Activist and performance artist Julia Steele Allen met Sara Fonseca in a California prison and corresponded with her for years while Fonseca— who goes by the nickname “Mariposa” — was living in solitary confinement. Their letters became “Mariposa and the Saint,” a play now on national tour.
The play has been performed dozens of times and is scheduled to be shown soon in Texas, Massachusetts and Wisconsin. Policy-makers have also taken notice: In November, Allen performed the piece at the 2015 Ninth Circuit Corrections Summit, a conference of federal judges, wardens and prison officials. The show has performances scheduled at Eastern State Penitentiary in Philadelphia, considered the birthplace of solitary, and in front of elected officials and staffers in the New York State Legislature.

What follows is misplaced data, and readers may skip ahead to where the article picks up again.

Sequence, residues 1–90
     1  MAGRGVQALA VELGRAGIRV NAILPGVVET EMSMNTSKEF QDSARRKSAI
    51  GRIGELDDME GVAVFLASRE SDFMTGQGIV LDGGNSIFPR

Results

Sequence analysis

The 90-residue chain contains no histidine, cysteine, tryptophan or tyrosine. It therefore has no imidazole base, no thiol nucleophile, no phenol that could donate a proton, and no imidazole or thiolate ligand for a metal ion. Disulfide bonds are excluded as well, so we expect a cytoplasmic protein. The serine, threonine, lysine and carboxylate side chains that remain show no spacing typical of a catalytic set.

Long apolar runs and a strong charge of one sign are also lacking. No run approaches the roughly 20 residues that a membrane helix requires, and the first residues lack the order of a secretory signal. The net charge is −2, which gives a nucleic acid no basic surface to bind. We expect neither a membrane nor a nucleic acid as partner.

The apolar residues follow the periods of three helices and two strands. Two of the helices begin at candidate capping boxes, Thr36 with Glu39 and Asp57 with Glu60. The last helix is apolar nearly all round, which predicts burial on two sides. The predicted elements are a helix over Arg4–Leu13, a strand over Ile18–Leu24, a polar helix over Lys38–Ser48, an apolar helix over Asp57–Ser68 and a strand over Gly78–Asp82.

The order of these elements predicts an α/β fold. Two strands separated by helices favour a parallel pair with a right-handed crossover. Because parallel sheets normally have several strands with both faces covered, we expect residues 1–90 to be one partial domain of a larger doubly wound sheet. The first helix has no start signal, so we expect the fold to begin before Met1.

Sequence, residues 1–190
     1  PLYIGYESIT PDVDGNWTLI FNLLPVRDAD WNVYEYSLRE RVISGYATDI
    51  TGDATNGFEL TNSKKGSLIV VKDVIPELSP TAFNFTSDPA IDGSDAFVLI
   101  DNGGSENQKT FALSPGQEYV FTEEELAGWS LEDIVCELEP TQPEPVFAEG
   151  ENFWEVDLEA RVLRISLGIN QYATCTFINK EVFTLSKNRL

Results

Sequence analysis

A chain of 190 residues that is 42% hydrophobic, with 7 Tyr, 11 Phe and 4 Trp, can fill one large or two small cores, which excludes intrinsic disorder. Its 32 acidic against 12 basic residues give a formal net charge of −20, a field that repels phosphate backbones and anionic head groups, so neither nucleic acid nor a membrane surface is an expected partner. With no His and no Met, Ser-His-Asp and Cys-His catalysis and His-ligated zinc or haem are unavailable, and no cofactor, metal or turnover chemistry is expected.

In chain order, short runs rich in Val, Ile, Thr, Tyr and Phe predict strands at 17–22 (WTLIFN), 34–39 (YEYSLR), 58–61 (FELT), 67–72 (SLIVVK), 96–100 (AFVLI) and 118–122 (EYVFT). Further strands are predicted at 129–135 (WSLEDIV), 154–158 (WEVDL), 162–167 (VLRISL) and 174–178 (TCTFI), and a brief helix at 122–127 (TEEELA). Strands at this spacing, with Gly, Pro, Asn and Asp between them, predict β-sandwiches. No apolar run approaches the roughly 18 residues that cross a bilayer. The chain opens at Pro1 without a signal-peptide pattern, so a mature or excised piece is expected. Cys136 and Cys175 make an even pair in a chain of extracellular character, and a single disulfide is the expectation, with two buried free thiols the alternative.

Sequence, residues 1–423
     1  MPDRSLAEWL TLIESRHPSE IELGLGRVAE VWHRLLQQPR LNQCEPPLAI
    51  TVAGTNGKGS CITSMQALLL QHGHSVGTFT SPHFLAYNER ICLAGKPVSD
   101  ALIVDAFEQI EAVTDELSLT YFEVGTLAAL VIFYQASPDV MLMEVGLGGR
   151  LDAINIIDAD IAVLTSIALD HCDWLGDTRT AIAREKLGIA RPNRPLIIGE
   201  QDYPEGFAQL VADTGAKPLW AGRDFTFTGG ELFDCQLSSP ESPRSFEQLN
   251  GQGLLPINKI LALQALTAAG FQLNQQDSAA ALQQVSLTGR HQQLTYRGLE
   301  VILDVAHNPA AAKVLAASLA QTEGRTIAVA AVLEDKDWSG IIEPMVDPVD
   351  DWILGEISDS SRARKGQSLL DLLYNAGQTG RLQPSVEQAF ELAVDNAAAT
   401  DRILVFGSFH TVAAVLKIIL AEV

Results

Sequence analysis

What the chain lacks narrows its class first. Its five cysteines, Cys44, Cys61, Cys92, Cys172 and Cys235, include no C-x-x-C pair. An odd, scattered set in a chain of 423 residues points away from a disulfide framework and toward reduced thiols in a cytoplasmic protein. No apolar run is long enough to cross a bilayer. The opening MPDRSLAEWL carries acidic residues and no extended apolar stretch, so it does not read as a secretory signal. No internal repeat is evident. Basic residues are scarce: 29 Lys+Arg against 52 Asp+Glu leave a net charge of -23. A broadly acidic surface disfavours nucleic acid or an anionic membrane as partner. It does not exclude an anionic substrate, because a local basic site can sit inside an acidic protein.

This is the first time video of the play has been made public.
Fonseca was sentenced to 15 months in solitary confinement after she was found in possession of tweezers, considered a weapon by prison officials. She then served additional time in solitary — more than two years all together. Fonseca is still incarcerated and is now in a psych unit.
Through Mariposa’s story, the play advocates for an end to solitary confinement. It has inspired hundreds of petition signatures, letters to elected officials, and calls to wardens. Audience members are also encouraged to write to Mariposa with pre-addressed postcards handed out at the end of the show, and Allen said she now receives one or two postcards a day.
“When we started working on it, it was really just about helping her keep her sanity,” Allen said. “I don’t think we ever imagined it would get to this place.”
An earlier version of this story incorrectly spelled the name of the play's main subject. It is Sara Fonseca, not Fonesca.